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Well, Steve Rogers Junior. It turns out Steve Senior was the inventor of the world's dumbest acronym: F.L.A.G., short for the decidedly non-heroic Full Latent Ability Gain. F.L.A.G. also made him the original Cap in the CBS Made-for-TV Universe, using the super-steroid to fight Nazis back in the day. As luck has it, the tonic only works on members of this one family, so it's up to Steve Jr. to carry on the bad-guy-busting.

Of course, you can probably guess that he's not quite ready for the Avengers, what with his superhuman ability to outrun dune buggies and slide down railings at slightly faster than normal speeds. His transparent Frisbee of a shield doesn't really help, either.

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It was meant to capitalize on the TV success that Marvel was having in the '70s with Spider-Man and The Incredible Hulk. And it kinda did, considering it got a sequel: Captain America 2: Death Too Soon, which cast legendary white person Christopher Lee as a Mexican drug lord.

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Then again, playing Spanish-speaking villains was kind of Lee's thing in the '70s. His plan: Use an experimental drug to prematurely age all of the citizens of Portland, Oregon unless he gets millions of dollars. The film concludes when Lee spills the magic potion and wrinkles himself to death.

Related: 5 Famous Superhero Movie Scenes That Are Already Outdated

2
The Trial Of The Incredible Hulk Was An Early, Terrible MCU

So you're a TV executive and you want to make a Daredevil pilot. What better way than to entice an aging Lou Ferrigno to reprise his most famous role than to introduce Matt Murdock as the Man Without Fear than by having him take on the Hulk as a legal client in THE TRIAL OF THE INCREDIBLE HULK?

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Rex "You Take My Breath Away" Smith stars as the blind lawyer in a film where there is no actual trial. But the two quasi-heroes bond over their similar pasts. "Hey, your body was tragically altered by exposure to toxic radiation? MINE TOO!" Together they take on classic comic baddie Kingpin, played as an ode to Don Henley's Boys Of Summer. He's got his hair slicked back and sunglasses on, baby.

The Walt Disney Company

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This Daredevil trains to fight crime using the Gymkata method, which comes in handy when crooks steal from places with uneven parallel bars. Mind you, this all premiered six weeks before Tim Burton's blockbuster Batman, which is like ordering a steak and getting a slice of ham that someone's been using as a doorstop as the appetizer.

This also wasn't the first time the Hulk was leveraged for a backdoor Marvel pilot. One year earlier, The Incredible Hulk Returns pitted the big green guy against someone sort of resembling the Mighty Thor. Instead of Dr. Don Blake using an ancient hammer to transform into the God of Thunder, Blake finds a hammer containing Thor, who pops out and does Blake's bidding like some furry-shouldered Genie. And after Trial, they would kill off the Hulk by throwing him out of a plane in Death Of The Incredible Hulk, thus saving us from a 1992 Iron Man, probably.

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Related: The Life Stages Of The Modern Superhero Movie

1
The '50s Superman Spinoffs Were Downright Insane (And Tasteless)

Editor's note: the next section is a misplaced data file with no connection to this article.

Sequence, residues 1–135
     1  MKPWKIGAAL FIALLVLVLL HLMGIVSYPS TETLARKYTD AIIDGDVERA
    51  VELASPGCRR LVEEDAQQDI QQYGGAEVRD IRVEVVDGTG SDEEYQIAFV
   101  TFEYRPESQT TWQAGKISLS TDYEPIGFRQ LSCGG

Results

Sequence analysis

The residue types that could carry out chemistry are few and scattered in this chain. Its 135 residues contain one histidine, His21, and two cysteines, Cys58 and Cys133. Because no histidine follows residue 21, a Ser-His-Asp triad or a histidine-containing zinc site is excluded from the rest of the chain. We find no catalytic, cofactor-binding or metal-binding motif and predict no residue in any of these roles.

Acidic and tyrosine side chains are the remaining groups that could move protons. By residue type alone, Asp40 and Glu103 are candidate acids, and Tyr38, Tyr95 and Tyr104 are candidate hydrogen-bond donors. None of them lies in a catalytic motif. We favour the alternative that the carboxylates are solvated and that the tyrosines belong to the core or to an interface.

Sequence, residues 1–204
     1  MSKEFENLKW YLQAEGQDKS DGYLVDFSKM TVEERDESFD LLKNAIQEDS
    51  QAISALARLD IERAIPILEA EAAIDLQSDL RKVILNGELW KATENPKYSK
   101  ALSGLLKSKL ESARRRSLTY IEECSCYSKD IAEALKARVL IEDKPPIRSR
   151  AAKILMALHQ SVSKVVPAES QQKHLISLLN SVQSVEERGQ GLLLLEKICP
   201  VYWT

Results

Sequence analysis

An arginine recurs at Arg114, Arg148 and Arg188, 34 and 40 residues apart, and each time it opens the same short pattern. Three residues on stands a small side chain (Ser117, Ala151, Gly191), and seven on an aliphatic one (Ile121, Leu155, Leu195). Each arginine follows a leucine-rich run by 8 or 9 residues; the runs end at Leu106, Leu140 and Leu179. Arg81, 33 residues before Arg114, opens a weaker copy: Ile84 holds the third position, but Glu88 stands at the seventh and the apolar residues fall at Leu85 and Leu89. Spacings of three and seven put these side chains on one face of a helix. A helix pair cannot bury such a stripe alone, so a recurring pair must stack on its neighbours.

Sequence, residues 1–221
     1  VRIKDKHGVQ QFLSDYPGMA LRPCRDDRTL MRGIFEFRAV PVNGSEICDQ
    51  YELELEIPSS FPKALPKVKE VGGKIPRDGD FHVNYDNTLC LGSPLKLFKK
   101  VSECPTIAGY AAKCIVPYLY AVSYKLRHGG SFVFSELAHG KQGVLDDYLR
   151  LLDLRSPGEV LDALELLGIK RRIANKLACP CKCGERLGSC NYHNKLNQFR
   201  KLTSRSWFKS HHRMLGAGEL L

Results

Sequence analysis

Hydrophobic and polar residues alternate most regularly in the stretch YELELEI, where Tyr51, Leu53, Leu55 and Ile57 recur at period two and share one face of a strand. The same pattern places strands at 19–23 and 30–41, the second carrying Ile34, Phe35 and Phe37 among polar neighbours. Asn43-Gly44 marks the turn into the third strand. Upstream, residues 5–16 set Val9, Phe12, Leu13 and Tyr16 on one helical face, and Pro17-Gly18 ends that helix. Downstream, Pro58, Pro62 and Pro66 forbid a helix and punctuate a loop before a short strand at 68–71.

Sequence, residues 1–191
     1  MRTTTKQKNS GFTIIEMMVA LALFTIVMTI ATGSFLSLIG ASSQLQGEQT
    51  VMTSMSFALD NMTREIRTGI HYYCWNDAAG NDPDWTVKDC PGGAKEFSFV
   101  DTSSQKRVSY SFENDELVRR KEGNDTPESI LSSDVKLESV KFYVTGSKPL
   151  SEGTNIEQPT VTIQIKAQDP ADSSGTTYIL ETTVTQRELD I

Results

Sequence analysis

One of the best early superhero shows was The Adventures Of Superman, which (for its time) did a credible job of making viewers believe a man could fly. But Superman's producers weren't content with the profits from a single show. Multiple spinoffs were pitched, none of which made it past the pilot stage. The first was The Adventures Of Superpup, and, um, I'll just leave this here:

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If you haven't taken a second to guess in between screaming, the show was about canine versions of classic Superman characters: Bark Bent, Perry Bite, Pamela Poodle. To pull off this Lynchian nightmare, they used the same sets as Superman, possibly to give off the illusion that you had in fact started an episode of the actual Superman show, but the drugs hadn't kicked in yet.

The cast was made up almost entirely of little people, presumably sweating their asses off under the grotesque masks. Now add in the disturbing circus music of the intro, which gives absolutely no context about the show and instead mostly features a mouse waving at what is presumably the audience's departing sanity:

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The Adventures Of Superboy was a more mainstream effort, with a produced pilot, a full season's worth of completed scripts, and a tenacious commitment to saving money. The same "Prop 'em on a milk crate" special effects technology was used on all three programs, and it showed.

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Here's Superman soaring through the skies:

Warner Bros.

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And Superboy:

Warner Bros.

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And Superpup:

Warner Bros.

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The leads were practically interchangeable! But the most shameless money grab came in 1959, when series star George Reeves died from a gunshot wound under mysterious circumstances. While one might logically conclude that there was no going forward at that point, producers hatched a plan to launch a new show: Superman's Pal, Jimmy Olsen.

That part is not so weird, as a comic book by the same name ran for years. But how do you film a series about Superman's pal without, you know, Superman? The producers' morbid solution was to film Jimmy's adventures, then use recycled Reeves' flying footage and stunt doubles to fill in for the dead actor. Luckily, the guy who played Jimmy Olsen decided that "it was not agreeable with me to go on and do that." This is proof that maybe the most important skill a creative person can have is knowing when to walk away.

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For more, check out Why DC's Catwoman Is The Superhero Movie We Need: